Where Does Deven Marrero Fit In Boston's Farm Rankings?

SECAUCUS, NJ: MLB commissioner Bud Selig speaks during the MLB First Year Player Draft held in Studio 42 at the MLB Network in Secaucus, New Jersey. (Photo by Mike Stobe/Getty Images)

With the draft in the rear view mirror, and questions about who will and won't sign the next item on the summer's agenda, it's time to start thinking about just how good the players the Red Sox selected are. It's a bit difficult to fit them in, as there's a lack of context until they play professionally, but you can still get a sense of where prospect experts see them.

Keith Law kicked things off today over at ESPN.com, when he looked at where each first-round selection fit in to his team-by-team rankings. For the Red Sox, that means shortstop Deven Marrero, drafted out of Arizona State University. Law has Marrero "Fourth, behind the Killer B's on Salem's roster." While he doesn't explicitly rank them, Law is referring to Xander Bogaerts, Jackie Bradley, and Matt Barnes -- that's not bad company to be in, especially in a system with as many bright spots in the 10-15 range as the Red Sox. They might not be loaded with outright stars, but there are a number of potentially productive, future major-league caliber players here.

How do other scouting gurus feel about Marrero? We asked around to see just what Boston has in their newest first-round selection.

Marrero is a guy that generates wildly varying opinions. He's a plus SS, but is he going to hit? Gut says he'd slide into the back of their 11 somewhere. -Kevin Goldstein, Baseball Prospectus

When asked who he would take from Boston's trio of Jose Iglesias, Deven Marrero, and Jose Vincicio if he could only have one of the three two years from now: "I don't think Vinicio is close in two years, but he has more upside than any of them. It's just risky to take him over two more polished guys." This adds to the idea that, while Marrero does have upside to him, he's considered more of a high-floor player thanks to that glove that you know is going to be there.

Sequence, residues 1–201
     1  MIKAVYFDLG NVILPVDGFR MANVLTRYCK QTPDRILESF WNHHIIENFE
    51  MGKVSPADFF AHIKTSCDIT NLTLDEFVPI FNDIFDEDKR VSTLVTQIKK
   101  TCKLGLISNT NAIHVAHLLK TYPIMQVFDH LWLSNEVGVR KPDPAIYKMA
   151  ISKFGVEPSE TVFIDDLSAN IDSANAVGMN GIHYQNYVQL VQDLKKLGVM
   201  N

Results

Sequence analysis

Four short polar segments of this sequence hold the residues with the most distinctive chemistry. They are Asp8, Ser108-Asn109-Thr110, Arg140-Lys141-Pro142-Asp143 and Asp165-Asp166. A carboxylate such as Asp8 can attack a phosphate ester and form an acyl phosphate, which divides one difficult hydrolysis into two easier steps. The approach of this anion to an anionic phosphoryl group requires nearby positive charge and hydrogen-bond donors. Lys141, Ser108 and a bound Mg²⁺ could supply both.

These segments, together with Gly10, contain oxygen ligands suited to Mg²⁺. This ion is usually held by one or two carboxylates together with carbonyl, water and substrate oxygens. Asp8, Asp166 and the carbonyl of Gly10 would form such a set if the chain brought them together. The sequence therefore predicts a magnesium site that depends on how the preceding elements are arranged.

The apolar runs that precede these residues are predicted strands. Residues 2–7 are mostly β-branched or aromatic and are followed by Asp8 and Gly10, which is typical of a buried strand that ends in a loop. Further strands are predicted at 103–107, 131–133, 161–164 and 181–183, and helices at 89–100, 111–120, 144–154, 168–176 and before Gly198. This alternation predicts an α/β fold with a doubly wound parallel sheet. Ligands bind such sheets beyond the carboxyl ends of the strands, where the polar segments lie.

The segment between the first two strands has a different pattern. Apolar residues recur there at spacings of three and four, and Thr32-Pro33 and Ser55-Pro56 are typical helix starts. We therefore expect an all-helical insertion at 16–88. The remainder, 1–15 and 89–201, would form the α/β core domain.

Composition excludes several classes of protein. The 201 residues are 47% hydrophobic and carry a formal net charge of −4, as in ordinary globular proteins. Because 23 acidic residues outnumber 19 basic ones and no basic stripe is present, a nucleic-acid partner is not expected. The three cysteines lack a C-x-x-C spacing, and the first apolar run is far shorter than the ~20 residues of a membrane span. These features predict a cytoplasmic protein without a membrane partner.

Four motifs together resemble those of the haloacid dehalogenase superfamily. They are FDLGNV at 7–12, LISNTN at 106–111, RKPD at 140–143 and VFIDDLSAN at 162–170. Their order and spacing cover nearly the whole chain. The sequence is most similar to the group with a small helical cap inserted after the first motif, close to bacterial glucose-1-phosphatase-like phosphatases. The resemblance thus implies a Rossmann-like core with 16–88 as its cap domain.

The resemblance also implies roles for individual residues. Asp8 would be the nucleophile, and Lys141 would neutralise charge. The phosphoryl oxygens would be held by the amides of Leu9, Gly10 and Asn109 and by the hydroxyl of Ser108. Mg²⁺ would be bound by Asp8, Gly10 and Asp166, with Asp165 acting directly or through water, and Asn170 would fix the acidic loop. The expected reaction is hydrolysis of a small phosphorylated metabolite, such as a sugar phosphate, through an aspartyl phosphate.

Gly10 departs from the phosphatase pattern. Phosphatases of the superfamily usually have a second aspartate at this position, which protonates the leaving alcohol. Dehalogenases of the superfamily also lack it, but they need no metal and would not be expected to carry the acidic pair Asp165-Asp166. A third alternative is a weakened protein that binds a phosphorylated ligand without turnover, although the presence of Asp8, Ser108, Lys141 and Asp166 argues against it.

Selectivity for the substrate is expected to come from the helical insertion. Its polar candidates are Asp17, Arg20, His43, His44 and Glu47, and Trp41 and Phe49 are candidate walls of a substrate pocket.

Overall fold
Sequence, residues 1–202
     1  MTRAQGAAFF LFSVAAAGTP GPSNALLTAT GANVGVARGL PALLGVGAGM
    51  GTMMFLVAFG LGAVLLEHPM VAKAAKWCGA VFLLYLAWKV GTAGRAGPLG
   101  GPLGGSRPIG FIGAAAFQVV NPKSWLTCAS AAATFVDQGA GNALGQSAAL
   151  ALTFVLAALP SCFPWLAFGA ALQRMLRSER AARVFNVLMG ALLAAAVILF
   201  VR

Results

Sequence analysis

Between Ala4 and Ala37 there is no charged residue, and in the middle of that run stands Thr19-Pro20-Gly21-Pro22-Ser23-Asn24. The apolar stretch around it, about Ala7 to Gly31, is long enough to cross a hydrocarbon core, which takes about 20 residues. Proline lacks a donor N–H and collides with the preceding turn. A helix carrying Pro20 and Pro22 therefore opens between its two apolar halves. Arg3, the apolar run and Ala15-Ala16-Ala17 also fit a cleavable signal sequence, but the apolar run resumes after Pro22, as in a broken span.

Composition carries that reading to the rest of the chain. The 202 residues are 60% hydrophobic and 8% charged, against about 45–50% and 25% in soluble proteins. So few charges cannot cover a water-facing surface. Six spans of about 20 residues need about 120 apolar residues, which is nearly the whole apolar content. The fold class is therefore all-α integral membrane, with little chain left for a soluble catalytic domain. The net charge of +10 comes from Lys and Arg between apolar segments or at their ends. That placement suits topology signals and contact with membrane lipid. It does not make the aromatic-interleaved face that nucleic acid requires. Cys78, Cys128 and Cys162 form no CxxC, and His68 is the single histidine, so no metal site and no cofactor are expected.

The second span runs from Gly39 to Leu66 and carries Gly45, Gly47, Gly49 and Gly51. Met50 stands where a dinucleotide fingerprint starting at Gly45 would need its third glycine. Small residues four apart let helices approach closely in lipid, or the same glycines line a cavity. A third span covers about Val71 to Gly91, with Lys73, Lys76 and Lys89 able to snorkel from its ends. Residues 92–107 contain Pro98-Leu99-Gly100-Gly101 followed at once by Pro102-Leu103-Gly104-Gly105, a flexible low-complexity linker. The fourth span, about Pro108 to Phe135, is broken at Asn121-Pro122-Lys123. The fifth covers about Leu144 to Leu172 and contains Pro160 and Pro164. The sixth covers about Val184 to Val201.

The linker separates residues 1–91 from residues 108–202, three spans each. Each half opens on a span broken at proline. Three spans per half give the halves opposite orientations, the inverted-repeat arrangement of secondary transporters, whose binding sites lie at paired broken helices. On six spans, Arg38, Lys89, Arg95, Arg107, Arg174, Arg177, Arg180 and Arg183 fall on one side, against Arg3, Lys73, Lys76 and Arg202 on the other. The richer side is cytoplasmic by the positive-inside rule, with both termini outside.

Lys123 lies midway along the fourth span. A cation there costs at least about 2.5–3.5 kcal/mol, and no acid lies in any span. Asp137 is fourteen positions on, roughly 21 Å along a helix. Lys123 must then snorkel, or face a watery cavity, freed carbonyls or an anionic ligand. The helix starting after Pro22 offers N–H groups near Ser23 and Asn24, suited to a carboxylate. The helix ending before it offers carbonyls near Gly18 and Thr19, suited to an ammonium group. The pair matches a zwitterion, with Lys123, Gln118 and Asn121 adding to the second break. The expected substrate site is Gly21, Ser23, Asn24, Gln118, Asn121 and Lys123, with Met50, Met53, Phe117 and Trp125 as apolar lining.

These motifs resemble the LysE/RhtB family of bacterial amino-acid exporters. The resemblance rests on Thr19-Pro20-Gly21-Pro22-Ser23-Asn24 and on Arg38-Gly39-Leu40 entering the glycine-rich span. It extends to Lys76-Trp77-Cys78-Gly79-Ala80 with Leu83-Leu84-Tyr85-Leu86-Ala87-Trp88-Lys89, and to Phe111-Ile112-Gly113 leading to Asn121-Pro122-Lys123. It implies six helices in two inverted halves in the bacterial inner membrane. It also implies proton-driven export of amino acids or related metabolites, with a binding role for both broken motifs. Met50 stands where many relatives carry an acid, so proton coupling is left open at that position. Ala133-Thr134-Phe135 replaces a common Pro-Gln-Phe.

I've been able to see Marrero a few times at ASU, and I was impressed in that context. He has a legit skill-set for SS, which is where his value lives. His bat is okay; he has bat speed and some bat control, but he's not going to be a big offensive force. In Boston's system, I'd put him in top 10 without thinking, but would need to think with more depth to pinpoint exactly where in the top 10. I'm not sure I would put him ahead of Jose Vinicio at this point. The reports on that kid have been impressive. -Jason Parks, Baseball Prospectus

Parks might think a little more highly of Marrero than Goldstein, but not as much so as Law. Once again, Vinicio gets some love.

Just outside the Top 10, 11-13 to start. I prefer Jose Iglesias right now because of the defense. Once I see Marrero hit with wood and get a feel for the skills that may change. I have questions about how Marerro's bat will translate to wood given his struggles with composite bats in college. Told his defense is plus.
-Chris Mellen, Sox Prospects

Marrero wasn't necessarily bad with the composite bats in college, but his offense took a definite downturn once the NCAA made the switch two years ago. Boston likes his swing more than his results, though, so, like Mellen, we'll just have to wait and see what happens with pro coaching (and wood bats) at his disposal.

Don't want to throw out an exact ranking, but probably in the 7-10 range. -Ben Badler, Baseball America

That's one more vote for the back-end of the top 10, giving us quite the range here for Marrero. Badler prefers Marrero out of the three shortstops in the system, but says, "they've all got question marks on the bat."

One reason Law might think so highly of the shortstop is that he thinks he'll be able to get his bat back to where it was. From Law's pre-draft rankings:

Deven Marrero, #13. Analysis: Once viewed as a top-five pick, Marrero's stock has dropped a bit after a lackluster spring compounded by various adjustments to his setup and swing that have made things worse. He still has the potential to be an above-average shortstop if he can get his swing back to where it was last season.

Previously, Law ranked Marrero as #7 and #4 in his pre-draft rankings, so if the bat does come back, Boston got themselves quite the player at #24. Of course, Marrero hasn't even signed yet, so this idea of where he slots is all hypothetical for now. That's half the fun with prospects, though, isn't it?

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